Separation Anxiety Disorder

Written by Shannon Johnson
Medically Reviewed by George Krucik, MD

What Is Separation Anxiety Disorder?

Separation anxiety is a normal part of childhood development. It occurs in babies between 8 and 12 months old. It usually disappears around age of 2.

Some children have symptoms of separation anxiety during their grade school and teenage years. This condition is called separation anxiety disorder or SAD. Three to four percent of children suffer from SAD (Walker, et al., 2011).

SAD tends to be indicative of general mood and mental health issues: Around one-third of children with SAD will be diagnosed with mental illness as an adult. Approximately half of childhood mental health referrals are for suspected SAD (Ehrenreich, et al., 2008).

Symptoms of Separation Anxiety Disorder

Symptoms of SAD occur when a child is separated from parents or caregivers. Fear of separation can also cause anxiety-related behaviors. Some of the most common behaviors include:

  • clinging to parents
  • extreme and severe crying
  • refusal to do things that require separation
  • physical illness, such as headaches or vomiting
  • violent, emotional temper tantrums
  • refusal to go to school
  • poor school performance
  • failure to interact in a healthy manner with other children
  • refusing to sleep alone
  • nightmares

Risk Factors for Separation Anxiety Disorder

SAD is more likely to occur in children with:

  • a family history of anxiety/depression
  • shy, timid personalities
  • low socioeconomic status
  • overprotective parents
  • a lack of appropriate parental interaction
  • problems dealing with kids their own age

SAD can also occur after a stressful life event such as:

  • moving to a new home
  • switching schools
  • divorce
  • the death of a close family member

How Is Separation Anxiety Disorder Diagnosed?

Children that experience three or more of the above symptoms may be diagnosed with SAD. Your doctor may order additional tests to confirm the diagnosis.

Your doctor might also watch you interact with your child. This shows whether your parenting style affects how your child deals with anxiety.

How Is Separation Anxiety Disorder Treated?

Therapy and medication are both used to treat SAD. Both treatment methods can help a child deal with anxiety in a positive way.

Therapy

The most effective therapy is cognitive behavior therapy (CBT). With CBT, children are taught coping techniques for anxiety. Common techniques are deep breathing and relaxation.

Parent child interaction therapy is another way to treat SAD. Parent child therapy can be broken into three main treatment phases:

  • Child-Directed Interaction (CDI), which focuses on improving the quality of the parent/child relationship. It involves warmth, attention, and praise. These help strengthen a child’s feeling of safety.
  • Bravery-Directed Interaction (BDI), which educates parents about why their child feels anxiety. Your child’s therapist will develop a bravery ladder. The ladder shows situations that cause anxious feelings. It establishes rewards for positive reactions.
  • Parent-Directed Interaction (PDI), which teaches parents to communicate clearly with their child. This helps to manage poor behavior.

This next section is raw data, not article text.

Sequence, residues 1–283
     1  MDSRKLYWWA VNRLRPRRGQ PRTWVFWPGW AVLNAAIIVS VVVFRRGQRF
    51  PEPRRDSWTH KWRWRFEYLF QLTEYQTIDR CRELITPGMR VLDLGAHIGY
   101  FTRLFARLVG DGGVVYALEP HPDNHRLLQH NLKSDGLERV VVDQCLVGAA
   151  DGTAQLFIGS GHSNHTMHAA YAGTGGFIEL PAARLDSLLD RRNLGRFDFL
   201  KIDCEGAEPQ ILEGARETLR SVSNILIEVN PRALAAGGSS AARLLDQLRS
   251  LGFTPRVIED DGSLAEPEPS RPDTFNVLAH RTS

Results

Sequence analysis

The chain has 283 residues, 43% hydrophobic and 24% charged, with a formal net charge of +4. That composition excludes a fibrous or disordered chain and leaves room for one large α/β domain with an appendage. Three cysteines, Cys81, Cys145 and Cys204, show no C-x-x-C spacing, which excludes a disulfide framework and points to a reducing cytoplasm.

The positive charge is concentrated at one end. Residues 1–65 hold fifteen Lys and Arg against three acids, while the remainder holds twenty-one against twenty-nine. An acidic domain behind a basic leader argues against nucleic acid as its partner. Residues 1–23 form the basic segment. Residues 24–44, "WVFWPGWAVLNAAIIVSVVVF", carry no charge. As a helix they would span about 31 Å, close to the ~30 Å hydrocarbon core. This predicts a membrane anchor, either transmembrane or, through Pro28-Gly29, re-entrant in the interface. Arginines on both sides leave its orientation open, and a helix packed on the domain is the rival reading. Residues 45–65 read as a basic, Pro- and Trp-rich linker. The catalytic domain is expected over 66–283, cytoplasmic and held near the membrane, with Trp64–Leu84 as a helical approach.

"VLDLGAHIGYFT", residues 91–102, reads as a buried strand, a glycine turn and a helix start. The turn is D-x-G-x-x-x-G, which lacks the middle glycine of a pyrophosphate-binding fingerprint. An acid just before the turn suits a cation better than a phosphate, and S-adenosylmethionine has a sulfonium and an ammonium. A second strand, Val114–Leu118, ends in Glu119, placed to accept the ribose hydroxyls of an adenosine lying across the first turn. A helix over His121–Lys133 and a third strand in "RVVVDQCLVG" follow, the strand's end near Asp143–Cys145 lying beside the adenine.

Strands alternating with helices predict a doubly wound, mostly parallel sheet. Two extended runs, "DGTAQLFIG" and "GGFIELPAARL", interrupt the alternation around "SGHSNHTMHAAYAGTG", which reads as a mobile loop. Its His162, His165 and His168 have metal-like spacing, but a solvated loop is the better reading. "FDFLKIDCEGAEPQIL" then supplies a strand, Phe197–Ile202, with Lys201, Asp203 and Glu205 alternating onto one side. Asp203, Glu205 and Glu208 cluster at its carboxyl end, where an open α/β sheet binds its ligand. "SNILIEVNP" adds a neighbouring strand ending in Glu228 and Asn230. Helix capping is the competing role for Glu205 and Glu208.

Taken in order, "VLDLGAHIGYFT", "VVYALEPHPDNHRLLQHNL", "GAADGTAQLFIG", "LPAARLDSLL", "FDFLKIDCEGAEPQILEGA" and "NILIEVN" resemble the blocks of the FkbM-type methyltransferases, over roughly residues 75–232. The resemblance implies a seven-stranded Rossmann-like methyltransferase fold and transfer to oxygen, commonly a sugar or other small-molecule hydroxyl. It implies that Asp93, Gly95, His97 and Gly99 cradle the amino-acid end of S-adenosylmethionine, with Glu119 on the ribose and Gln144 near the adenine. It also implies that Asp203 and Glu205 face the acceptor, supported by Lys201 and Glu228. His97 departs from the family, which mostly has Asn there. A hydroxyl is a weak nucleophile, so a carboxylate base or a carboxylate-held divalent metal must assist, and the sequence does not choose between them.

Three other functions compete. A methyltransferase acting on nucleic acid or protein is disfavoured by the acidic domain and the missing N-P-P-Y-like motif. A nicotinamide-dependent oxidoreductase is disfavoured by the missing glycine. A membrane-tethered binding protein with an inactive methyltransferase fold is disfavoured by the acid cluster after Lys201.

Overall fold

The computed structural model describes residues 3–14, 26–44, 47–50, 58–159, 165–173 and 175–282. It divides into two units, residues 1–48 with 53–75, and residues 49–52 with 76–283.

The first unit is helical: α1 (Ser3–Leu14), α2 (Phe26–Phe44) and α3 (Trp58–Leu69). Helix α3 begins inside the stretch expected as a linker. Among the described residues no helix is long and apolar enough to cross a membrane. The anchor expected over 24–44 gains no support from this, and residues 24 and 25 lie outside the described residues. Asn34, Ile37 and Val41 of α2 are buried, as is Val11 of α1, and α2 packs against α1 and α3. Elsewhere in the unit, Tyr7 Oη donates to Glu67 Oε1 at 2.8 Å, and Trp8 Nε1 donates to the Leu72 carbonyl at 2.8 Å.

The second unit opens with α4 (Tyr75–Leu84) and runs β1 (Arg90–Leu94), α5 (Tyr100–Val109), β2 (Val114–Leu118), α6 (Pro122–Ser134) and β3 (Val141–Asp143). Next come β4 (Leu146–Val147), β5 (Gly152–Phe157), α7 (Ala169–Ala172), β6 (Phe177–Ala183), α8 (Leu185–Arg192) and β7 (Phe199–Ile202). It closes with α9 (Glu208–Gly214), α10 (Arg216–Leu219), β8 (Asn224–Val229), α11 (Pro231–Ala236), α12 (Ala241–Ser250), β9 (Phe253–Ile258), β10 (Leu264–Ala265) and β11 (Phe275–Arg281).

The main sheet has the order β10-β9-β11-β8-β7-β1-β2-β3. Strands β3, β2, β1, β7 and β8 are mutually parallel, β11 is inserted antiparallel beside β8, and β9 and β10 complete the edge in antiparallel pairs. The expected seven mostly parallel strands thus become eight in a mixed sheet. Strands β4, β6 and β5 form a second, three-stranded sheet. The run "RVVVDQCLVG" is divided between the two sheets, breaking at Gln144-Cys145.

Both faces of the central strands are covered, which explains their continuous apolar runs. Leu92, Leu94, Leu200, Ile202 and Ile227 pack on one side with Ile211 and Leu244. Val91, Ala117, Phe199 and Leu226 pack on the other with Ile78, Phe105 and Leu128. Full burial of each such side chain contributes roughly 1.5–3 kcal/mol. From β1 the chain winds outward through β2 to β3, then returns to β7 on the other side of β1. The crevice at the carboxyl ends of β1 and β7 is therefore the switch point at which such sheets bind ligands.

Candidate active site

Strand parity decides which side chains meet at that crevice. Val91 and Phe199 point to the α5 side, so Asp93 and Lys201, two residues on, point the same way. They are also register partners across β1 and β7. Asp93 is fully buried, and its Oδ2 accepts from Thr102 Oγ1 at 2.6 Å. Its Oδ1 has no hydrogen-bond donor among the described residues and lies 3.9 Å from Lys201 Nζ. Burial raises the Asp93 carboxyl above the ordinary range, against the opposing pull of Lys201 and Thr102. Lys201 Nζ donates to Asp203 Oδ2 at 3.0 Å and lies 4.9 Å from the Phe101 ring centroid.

The school environment is another key to successful treatment. Your child needs a safe place to go when he or she feels anxious. There should also be a way for your child to communicate with you if necessary during schools hours or other times he or she is away from home. Finally, your child’s teacher should encourage interaction with other classmates. If you have concerns about your child’s classroom, speak with the teacher, principle, or a guidance counselor.

Medication

There are no specific medications for SAD. Antidepressants are sometimes used in older children with this condition. However, children must be monitored closely for side effects.

Effects of Separation Anxiety Disorder on Family Life

Emotional and social development are both seriously affected by SAD. The condition can cause a child to avoid experiences crucial to normal development.

SAD can also affect family life. Some family problems associated with SAD are:

  • family activities that are limited by negative behavior
  • parents with little to no time for themselves or each other, resulting in frustration
  • siblings that become jealous of the extra attention given to the child with SAD
Was this article helpful? Yes No

Thank you.

Your message has been sent.

We're sorry, an error occurred.

We are unable to collect your feedback at this time. However, your feedback is important to us. Please try again later.

Article Sources:

More on Healthline

Seasonal Allergies and COPD: Tips to Avoid Complications
Seasonal Allergies and COPD: Tips to Avoid Complications
For COPD patients, allergies pose the risk of serious complications. Learn some basic tips for avoiding allergy-related complications of COPD in this slideshow.
13 Celebrities with Epilepsy
13 Celebrities with Epilepsy
Epilepsy has serious effects, but it can be controlled with treatment. Most people with epilepsy live long and normal lives, including these celebrities.
Numbness, Muscle Pain and Other RA Symptoms
Numbness, Muscle Pain and Other RA Symptoms
The symptoms of RA are more than just joint pain and stiffness. Common symptoms include loss of feeling, muscle pain, and more. Learn more in this slideshow.
Migraine vs. Chronic Migraine: What Are the Differences?
Migraine vs. Chronic Migraine: What Are the Differences?
There is not just one type of migraine. Chronic migraine is one subtype of migraine. Understand what sets these two conditions apart.
Timeline of an Anaphylactic Reaction
Timeline of an Anaphylactic Reaction
From first exposure to life-threatening complications, learn how quickly an allergy attack can escalate and why it can become life threatening.
Advertisement
Advertisement
Advertisement